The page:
Judy Terry is a marketing professional who stood down as a councillor in May 2014.
In 2002, Yarls Wood detention centre was burned down following a riot within just weeks of opening, and last year the Glasgow School of Art, an iconic Charles Rennie Mackintosh building, was destroyed by fire, when an illegal substance was allegedly used in an arts project.
Wessex Foods in Lowestoft was completely destroyed by fire in 2010. Although the fire service was on site within minutes, the building was already fully alight and it took ten days to be fully extinguished. It wasn’t just the building, but also the business which was destroyed, with the loss of 150 jobs having a serious impact on the local economy when the owner decided to consolidate production at other sites rather than rebuild.
A year later, the Sony Distribution Centre in Enfield, suffered an arson attack, destroying £30 million worth of stock which, in turn impacted on 200 music and film companies.
Fourteen vulnerable older people died in a night time fire in a Scottish care home, built to the highest modern standards, in 2004.
None had sprinklers. The Home Office had ignored specialist advice to install them at Yarls Wood but, being “self-insured”, it was rebuilt at a cost of £40 million to the public purse (this time with sprinklers, according to a report on Bedford Today). And a £20 million appeal was recently launched to fund the art school’s reconstruction, although some of the losses – books and art – can never be replaced.
Every day, there are fires across the country, in all sorts of buildings, whether residential, commercial, industrial or educational (with thatched cottages especially vulnerable). The social, environmental and economic consequences are incalculable – with disruption to whole communities, and loss of life.
A director of a mainstream insurer recently told me that some new high rise blocks are, effectively, “uninsurable” without sprinklers because fighting fires hundreds of feet off the ground is so challenging.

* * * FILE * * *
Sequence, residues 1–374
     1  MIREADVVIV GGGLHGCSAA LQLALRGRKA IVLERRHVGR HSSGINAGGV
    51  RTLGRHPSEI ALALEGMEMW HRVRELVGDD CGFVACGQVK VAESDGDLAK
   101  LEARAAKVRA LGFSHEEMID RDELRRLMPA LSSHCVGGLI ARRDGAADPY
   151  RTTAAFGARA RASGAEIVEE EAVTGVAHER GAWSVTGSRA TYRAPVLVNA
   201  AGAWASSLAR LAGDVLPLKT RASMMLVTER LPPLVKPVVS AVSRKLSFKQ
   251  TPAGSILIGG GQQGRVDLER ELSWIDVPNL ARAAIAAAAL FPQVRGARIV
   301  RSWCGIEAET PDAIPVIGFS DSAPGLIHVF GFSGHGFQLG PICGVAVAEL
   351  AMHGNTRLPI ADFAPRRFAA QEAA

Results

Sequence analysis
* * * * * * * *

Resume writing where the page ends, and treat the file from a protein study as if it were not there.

Whilst smoke detectors save hundreds of lives a year, automatic fire sprinkler systems would have an even greater impact, especially amongst the most vulnerable in our society, including the very young or old, disabled or those with drug or alcohol problems. For those of us who like statistics, international research states that 80 per cent of all fire deaths occur in the home, and in the US where sprinklers are more widely installed, fires in 98 per cent of dwellings with sprinklers are extinguished/controlled by a single sprinkler, thereby limiting any toxic smoke.
The first priority for us should be safety in the home, including HMOs and, of course, care homes. For example, in 2010/11, Suffolk’s Fire & Rescue Service attended 443 fires in private homes, with 5 people dying and 43 suffering serious injuries.
So why aren’t automatic fire sprinklers mandatory in all new build housing projects? The Scottish government introduced legislation for residential use in 2003, and Wales followed a few years later, but England remains silent on the subject, despite a growing national debate.
Misinformation has clouded that debate. For example, automatic fire sprinklers only operate when a fire is present and there are no moving parts to fail; they are not unsightly or obtrusive, being fully recessed, with pipework concealed; costs are not prohibitive, averaging around £1000 for lifetime protection in a new build house. They are not triggered by a smoke alarm, and the chance of accidental discharge of water is 1 in 14,000,000. Sprinklers can also be retrofitted, for example in conversions (offices to residential) and use 10,000 times less water than firefighters would use in the event of a fire.
So let’s get on with it, by making sprinklers a condition of all new developments as part of the planning process. This should include HMOs, all educational establishments, hotels, restaurants, pubs, retail complexes, train stations and other places where members of the public are regular visitors but aren’t trained up for emergency evacuation.
Because deaths are rare in commercial/industrial properties, at present only warehouse style buildings larger than 20,000 square metres have to install sprinklers, compared with 2,300 square metres in the EU’s main economies, leaving the UK suffering higher losses estimated to equate to as much as £10 billion by 2020.
This is a case where size does matter, so bring that requirement into line with Europe. Sprinklers should also be enforced in other commercial operations (offices, factories) with a retrofit programme becoming statutory over time, or if refurbishment is implemented.
Councils can make this happen, saving lives (including firefighters’ lives), money, water and the environment. All it takes is commitment from the leadership.